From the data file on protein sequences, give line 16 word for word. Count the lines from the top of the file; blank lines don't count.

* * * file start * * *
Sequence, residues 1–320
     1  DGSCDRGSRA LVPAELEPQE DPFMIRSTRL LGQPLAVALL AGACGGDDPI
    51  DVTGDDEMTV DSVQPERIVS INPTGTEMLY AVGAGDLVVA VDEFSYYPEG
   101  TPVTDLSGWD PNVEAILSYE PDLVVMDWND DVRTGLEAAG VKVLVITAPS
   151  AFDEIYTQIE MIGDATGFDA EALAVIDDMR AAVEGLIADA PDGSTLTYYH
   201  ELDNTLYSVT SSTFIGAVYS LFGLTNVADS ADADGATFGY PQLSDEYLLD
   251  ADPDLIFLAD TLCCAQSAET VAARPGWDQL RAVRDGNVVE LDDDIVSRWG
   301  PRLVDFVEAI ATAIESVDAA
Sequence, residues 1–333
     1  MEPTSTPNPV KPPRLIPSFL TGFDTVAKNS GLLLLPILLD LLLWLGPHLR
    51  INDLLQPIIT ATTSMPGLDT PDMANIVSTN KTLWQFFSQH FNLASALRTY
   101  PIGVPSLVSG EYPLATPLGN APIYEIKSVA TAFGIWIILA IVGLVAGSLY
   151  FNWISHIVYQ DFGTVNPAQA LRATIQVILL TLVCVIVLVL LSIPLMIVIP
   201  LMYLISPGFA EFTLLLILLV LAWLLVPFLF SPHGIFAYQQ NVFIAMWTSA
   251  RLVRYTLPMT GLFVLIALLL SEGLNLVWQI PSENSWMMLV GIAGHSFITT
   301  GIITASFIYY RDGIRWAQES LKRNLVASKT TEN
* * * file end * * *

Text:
   301  GIITASFIYY RDGIRWAQES LKRNLVASKT TEN